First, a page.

Beginning on April 28, 2016, the DESTE Foundation and the Museum of Art and History of Geneva, with the collaboration of ART for The World, will present the exhibition “Urs Fischer – False Friends” at the Museum of Art and History in Geneva, thus celebrating DESTE’s 33rd anniversary in the very city it was founded in 1983.
False Friends brings together a selection of works from the Dakis Joannou Collection. Conceived by curator Massimilano Gioni as an unusual synthesis between a solo show and a group exhibition, False Friends pairs works by a range of different artists with an ensemble of 20 works by Urs Fischer.
The exhibition title suggests couplings of works that appear similar but are profoundly different, offering a reading of the Dakis Joannou Collection—and, equally, of contemporary art—as a magnetic field traversed by lines of tension that trace both elective affinities and striking variations.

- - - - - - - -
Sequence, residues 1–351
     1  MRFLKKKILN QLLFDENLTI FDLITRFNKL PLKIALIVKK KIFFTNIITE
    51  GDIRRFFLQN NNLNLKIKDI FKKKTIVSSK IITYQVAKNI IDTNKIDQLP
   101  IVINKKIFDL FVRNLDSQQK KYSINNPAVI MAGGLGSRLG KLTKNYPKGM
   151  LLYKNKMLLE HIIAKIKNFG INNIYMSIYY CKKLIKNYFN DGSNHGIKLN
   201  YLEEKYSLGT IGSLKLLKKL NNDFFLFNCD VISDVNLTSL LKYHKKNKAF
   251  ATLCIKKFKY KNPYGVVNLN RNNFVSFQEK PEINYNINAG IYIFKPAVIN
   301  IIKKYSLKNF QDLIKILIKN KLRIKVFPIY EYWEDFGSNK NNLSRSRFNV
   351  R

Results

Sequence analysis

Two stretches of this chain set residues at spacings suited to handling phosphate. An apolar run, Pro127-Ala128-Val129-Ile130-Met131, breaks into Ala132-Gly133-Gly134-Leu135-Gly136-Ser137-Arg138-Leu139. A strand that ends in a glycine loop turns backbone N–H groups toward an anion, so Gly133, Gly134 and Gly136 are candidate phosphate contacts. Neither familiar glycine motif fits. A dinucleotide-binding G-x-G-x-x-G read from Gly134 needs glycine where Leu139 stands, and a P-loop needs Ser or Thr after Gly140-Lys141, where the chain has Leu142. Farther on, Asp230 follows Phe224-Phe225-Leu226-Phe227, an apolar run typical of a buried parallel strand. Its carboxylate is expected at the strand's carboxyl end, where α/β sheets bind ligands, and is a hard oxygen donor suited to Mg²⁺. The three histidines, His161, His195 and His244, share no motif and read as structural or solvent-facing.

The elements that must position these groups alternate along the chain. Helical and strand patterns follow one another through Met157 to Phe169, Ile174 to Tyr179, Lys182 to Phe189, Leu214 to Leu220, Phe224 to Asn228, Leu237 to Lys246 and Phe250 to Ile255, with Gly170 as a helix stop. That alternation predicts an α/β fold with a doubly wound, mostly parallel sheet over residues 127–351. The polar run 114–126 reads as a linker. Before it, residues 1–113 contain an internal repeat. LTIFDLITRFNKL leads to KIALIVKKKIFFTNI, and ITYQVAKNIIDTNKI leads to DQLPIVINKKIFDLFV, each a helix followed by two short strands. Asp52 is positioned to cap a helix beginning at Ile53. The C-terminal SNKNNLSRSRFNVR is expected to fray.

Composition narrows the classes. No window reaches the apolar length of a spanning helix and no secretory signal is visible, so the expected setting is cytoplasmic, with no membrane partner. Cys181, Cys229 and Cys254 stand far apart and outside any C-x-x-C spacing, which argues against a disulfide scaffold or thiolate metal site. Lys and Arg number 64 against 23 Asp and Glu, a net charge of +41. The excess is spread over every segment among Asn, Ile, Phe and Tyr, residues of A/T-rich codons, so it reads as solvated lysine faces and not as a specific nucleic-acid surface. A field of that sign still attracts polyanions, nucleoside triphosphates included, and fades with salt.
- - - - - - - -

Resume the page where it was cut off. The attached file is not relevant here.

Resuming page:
In False Friends, Fischer’s work is seen alongside sculptures and paintings by artists such as Pawel Althamer, Maurizio Cattelan, Fischli and Weiss, Robert Gober, Martin Kippenberger, Jeff Koons, Paul McCarthy, Cindy Sherman and Kiki Smith, all of whom engage with fundamental themes in the history of art—the representation of the human body, the transformative power of materials, and the virtues of subtle observations.
Sympathetic relationships and dramatic dissonances resonate as unlikely dialogues throughout the exhibition, resulting in a cacophonic concerto of forms and interpretations that run both with and against convention.
The work of Urs Fischer, one of the most innovative Swiss artists of his generation, is central to False Friends. Fischer celebrates metamorphosis and change through works that reveal a particular attention to process and time. Coupling the legacy of Pop art with a neo-baroque taste for the absurd, Fischer’s creative universe trembles under the forces of entropy, decay and failure. With materials both organic and durable—from wax and bread to aluminum and bronze—Fischer’s work invites a complex reflection on the function of monuments and the frailty of life, a meditation that becomes even more peculiar when observed in the grand spaces of Geneva’s Museum of Art and History.
Establishing unexpected connections between artworks and aesthetics, methods and materials, False Friends traces similarities and differences among a group of artists whose work has animated and sustained critical debates in contemporary art throughout the past thirty years.